Google tries to allay anti-trust concerns

Alphabet's Google is making changes to the way it prompts Android users to choose their browsers.
Alphabet's Google is making changes to the way it prompts Android users to choose their browsers.

Alphabet's Google will prompt Android users to choose their preferred browsers and search apps as the company seeks to allay EU antitrust concerns and ward off fresh sanctions.

The European Commission last year handed Google a record 4.34 billion euro ($A6.9 billion) fine for using the market power of its mobile software to block rivals in areas such as internet browsing. By pre-installing its Chrome browser and Google search app on Android devices, Google had an unfair advantage over its rivals, EU enforcers said.

Google would now try to ensure that Android users are aware of browsers and search engines other than its own services, Kent Walker, senior vice-president of global affairs, said in a blog on Tuesday.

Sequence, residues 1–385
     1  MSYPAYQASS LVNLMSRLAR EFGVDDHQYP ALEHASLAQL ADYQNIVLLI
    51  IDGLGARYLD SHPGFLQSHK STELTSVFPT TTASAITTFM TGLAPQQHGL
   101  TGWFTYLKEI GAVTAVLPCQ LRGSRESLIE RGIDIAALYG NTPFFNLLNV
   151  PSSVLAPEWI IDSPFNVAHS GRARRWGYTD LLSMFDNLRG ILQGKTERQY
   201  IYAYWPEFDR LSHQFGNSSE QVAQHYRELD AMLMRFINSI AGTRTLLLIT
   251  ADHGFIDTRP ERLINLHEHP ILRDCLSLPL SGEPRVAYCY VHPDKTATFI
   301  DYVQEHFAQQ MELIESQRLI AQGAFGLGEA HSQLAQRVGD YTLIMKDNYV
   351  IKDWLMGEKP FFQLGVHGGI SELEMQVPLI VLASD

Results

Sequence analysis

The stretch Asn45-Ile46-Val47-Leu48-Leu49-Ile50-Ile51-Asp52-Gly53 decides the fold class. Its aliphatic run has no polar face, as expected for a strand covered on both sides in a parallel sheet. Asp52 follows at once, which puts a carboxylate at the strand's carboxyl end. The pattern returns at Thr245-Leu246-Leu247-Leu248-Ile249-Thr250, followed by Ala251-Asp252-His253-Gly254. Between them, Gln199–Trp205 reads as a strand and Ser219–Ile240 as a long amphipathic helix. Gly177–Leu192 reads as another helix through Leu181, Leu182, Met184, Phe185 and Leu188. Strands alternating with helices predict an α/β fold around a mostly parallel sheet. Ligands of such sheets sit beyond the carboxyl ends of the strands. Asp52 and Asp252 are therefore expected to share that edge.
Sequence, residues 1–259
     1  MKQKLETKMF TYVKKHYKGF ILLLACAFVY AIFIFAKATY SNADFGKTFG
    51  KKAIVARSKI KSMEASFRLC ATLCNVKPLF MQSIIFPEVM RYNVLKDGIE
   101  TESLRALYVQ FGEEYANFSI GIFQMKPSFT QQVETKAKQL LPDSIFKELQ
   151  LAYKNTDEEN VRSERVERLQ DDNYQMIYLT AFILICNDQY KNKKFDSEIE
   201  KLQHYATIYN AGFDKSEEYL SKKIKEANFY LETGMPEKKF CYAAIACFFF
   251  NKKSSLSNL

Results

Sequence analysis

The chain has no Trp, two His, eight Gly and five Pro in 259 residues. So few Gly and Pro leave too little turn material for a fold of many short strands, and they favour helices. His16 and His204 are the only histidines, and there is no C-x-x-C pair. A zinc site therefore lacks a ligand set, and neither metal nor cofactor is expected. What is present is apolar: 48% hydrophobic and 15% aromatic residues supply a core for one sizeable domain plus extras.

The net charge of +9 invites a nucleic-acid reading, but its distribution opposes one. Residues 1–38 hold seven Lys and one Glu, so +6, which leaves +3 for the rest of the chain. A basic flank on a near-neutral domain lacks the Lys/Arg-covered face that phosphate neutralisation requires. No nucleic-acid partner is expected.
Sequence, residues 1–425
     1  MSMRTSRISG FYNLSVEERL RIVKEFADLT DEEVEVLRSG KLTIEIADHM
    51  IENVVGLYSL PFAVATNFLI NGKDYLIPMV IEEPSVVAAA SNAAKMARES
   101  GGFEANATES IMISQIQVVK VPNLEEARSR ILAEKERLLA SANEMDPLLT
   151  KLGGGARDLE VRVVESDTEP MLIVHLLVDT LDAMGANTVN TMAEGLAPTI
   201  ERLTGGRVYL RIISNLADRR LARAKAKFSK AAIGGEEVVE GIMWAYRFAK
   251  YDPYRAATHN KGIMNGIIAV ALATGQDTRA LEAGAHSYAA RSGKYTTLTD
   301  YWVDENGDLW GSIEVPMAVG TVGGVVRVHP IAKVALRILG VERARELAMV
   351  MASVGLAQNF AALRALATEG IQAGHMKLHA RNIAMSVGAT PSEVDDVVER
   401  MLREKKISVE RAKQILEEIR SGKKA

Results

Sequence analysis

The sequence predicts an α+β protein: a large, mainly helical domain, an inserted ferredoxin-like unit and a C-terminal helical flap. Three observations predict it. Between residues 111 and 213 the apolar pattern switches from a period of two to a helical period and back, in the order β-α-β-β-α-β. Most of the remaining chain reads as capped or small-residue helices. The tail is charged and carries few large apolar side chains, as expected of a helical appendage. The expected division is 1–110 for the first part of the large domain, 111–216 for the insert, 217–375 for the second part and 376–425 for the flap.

"In the coming months, via the Play Store, we'll start asking users of existing and new Android devices in Europe which browser and search apps they would like to use," he wrote without providing details.

The company, which introduced a licensing fee for device makers to access its app marketplace after the EU sanction, does not plan to scrap the charge.

Google could be fined up to five per cent of Alphabet's average daily worldwide turnover if it fails to comply with the EU order to stop anti-competitive practices.

Australian Associated Press